161-172

As I have said elsewhere, my wilderness - and perhaps all wildernesses of God - are intended to dispossess a man of idols and to slaughter a man's initial misconceptions of God...

161. In the domain of Reason, pain – just as the senses which express it – has no meaning. No, none at all.

162. Only when cast against the backdrop of Faith, and not just any faith but the domain of saving Faith itself in which God dwells, can suffering achieve any meaning whatsoever. {Heb 5:8}

163. I dare say that if I ever felt God perchance to “speak” audibly to me, or to present Himself in any phenomenological form whatsoever to my senses, I would be wary of it. Before my wilderness, I did believe that He could speak and that I could receive it in the way that He intended apart from the Holy Spirit’s intervention. Long did I search for such words and oh the pains did I inflict upon myself to make me worthy of their hearing. It took a decade to break me of this blasphemous desire.

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164. As I have said elsewhere, my wilderness – and perhaps all wildernesses of God – are intended to dispossess a man of his idols and to slaughter a man’s initial misconceptions of God which some (such as myself) are too quick to embrace in the zeal of their Christian infancy; misconceptions which primarily circle around the notion that I, in and by my own free will, am the cause of my salvation and sanctification.

165. On the far side of the Jordan, if one does indeed make it there with God’s saving faith still intact, a man will harbor no such pretense.

“Praise be to God who knows His own and keeps His own even through bitter aridity and sand and wind and sun and leads them against their will and their own ‘better’ judgment to pastures of His choosing and to a land that is not a man’s own.”

166. For did not Abraham also have to leave his father’s home to follow God to a land that was not his (though one day would be)? {Gen 26:3} The Holy Writ is replete with such migrations. So too are all men called to follow God beyond their “homeland”, outside of the familiar and everything else they know in order to follow the will and leading of the Father, just as the Son also left His “Father and Mother, though being in very nature God, did not consider equality with God something to be used to His own advantage; rather, made himself nothing by taking the very nature of a servant, being made in human likeness. And being found in appearance as a man, He humbled himself by becoming obedient to death — even death on a cross!” {Phil 2:6-8} Through His cross did Christ purchase His wife whom He holds fast to, the two becoming one flesh, both of them naked, for all eternity, without shame. {Gen 2:22-25}

167. Time, space, and man “the individual” to include all there is, was, and would be began when “the eyes of both were opened, and they knew they were naked.” {Gen 3:7}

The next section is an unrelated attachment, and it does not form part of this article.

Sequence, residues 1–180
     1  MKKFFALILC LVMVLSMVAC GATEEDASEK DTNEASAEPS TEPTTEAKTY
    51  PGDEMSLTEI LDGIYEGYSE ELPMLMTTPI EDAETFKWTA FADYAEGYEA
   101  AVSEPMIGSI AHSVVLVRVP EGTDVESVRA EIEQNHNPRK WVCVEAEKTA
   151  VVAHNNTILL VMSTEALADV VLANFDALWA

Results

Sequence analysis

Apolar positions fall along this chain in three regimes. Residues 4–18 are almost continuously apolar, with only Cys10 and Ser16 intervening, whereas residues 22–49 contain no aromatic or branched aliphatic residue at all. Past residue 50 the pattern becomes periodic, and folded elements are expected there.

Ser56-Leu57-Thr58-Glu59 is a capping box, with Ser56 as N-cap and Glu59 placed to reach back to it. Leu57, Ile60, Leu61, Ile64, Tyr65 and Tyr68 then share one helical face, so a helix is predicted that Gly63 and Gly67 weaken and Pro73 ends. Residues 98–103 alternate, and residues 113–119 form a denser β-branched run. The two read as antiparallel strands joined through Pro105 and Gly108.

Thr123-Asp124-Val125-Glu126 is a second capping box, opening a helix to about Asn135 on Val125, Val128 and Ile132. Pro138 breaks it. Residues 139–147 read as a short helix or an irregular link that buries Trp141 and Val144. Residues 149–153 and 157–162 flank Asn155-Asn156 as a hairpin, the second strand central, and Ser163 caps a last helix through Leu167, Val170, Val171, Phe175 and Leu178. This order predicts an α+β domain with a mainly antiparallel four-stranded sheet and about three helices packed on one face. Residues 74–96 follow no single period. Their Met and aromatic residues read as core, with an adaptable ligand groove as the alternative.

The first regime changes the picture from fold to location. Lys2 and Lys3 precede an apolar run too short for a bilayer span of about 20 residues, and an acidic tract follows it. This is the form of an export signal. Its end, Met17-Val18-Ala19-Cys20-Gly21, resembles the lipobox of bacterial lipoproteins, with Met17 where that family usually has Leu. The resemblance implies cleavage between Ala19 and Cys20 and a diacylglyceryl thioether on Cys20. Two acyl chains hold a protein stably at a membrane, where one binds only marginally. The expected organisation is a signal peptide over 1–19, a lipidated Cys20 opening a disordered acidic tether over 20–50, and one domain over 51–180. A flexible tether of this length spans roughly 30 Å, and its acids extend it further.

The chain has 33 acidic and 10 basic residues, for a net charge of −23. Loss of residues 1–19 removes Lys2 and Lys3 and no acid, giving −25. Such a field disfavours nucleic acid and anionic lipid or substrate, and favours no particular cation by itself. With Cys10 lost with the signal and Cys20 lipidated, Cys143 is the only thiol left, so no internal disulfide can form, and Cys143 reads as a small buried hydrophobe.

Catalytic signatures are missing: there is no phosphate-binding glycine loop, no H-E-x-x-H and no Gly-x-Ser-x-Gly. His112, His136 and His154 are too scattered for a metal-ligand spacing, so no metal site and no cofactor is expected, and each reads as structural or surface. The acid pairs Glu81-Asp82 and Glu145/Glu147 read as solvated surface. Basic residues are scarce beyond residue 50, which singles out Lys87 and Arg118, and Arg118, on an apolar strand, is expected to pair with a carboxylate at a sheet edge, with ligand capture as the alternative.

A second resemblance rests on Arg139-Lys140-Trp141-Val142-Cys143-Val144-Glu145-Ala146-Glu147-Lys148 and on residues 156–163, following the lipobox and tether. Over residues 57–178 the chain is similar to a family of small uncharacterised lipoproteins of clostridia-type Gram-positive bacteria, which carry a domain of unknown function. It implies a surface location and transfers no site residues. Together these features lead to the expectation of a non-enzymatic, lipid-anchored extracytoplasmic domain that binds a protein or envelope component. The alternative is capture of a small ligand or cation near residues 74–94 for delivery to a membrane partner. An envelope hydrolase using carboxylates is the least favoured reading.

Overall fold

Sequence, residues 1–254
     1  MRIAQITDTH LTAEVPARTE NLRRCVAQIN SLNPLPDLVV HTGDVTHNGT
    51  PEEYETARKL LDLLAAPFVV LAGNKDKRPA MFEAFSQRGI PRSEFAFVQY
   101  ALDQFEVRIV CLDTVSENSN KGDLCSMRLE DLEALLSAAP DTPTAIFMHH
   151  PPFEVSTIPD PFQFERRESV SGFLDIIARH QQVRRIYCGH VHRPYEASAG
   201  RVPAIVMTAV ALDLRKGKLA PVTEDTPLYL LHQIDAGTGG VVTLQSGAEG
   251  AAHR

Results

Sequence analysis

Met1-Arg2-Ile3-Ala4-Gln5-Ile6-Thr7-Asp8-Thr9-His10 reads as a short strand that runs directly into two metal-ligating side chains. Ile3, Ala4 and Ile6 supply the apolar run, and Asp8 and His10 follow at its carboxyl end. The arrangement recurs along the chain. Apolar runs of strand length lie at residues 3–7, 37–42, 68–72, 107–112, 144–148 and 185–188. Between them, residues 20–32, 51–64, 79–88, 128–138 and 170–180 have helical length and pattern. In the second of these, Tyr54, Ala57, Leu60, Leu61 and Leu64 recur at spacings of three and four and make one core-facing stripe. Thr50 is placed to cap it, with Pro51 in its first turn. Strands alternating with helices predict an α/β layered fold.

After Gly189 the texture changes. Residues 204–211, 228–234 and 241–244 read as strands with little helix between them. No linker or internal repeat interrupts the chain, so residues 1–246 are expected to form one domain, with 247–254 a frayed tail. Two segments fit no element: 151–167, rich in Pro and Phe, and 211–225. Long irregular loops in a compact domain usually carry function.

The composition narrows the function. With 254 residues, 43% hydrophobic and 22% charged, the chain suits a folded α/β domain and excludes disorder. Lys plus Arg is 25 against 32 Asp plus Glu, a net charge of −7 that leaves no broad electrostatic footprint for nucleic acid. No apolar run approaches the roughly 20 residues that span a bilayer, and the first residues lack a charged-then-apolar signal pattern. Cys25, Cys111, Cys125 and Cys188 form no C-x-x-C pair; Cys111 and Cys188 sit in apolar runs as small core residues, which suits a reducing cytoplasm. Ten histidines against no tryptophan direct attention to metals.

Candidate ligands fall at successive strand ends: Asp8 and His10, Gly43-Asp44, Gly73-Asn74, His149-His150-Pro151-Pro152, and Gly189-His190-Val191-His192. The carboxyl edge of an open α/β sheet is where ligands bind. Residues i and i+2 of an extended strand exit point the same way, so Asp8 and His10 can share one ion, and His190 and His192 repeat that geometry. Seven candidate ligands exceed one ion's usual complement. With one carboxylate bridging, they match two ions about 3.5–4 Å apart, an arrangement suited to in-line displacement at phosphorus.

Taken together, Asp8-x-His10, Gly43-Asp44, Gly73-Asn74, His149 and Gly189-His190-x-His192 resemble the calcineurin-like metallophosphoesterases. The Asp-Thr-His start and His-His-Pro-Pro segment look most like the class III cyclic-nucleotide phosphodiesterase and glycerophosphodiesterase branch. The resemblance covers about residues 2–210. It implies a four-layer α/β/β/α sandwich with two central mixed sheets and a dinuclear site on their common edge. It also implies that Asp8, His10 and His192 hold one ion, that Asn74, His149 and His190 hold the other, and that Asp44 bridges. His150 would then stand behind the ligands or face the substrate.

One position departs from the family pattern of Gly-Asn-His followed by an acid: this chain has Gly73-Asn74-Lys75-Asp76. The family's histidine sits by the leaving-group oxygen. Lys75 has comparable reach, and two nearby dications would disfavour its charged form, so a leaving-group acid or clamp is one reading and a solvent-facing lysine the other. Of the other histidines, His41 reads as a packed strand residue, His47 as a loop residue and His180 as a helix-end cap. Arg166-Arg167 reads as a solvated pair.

168. When we, as the second Eve, return to our eternal communion with the second Adam, who is Christ, though we will yet again be naked, we will not know it, nor will we know any division.

169. All a man has, I suppose, is his testimony given to him by God concerning what God has done in and to his life, if anything at all.

170. It is with this God-given testimony which will, as testimony, in every way glorify the Lord and point to the work that He alone has done by which the elect will overcome the lies of the accuser.

171. Any testimony of man will fail, but if it is God’s testimony, it “will never fail. But where there are prophecies, they will cease; where there are tongues, they will be stilled; where there is knowledge, it will pass away.: {1 Corinthians 13:8} But love, which is God’s – as God Himself is – will not fail.

172. “Take the low road and go to the quiet place” I felt Him communicate when presented with the opportunity to work on this book with my friend and pastor which, among much, would have been vetted and perhaps even edited by so-called experts in their fields; vetting, editing, and its distribution which would have surely found some sort of audience, that which has been kept from me unto the present; a reality I have wrestled with as Jacob with the Angel of the Lord and was wounded. The prospect of this opportunity and the honor of its presentation filled me with optimism and the hope that I may, indeed, be finally ready to enjoy the fruit of my calling as a writer. But then the Word came and convinced me as always to take the route I am presently on, the low road and the hidden one, the forgotten, overlooked, ignored, and weak road, further convincing me to continue to write in much the same manner and in the same voice that I have hitherto wrought and thusly now employ. So dejected was I of having to continue in the same futile and unfruitful literary road that it has taken me unto the writing of this confession to submit to and accept His will for me — and for it, if the latter indeed proves anything.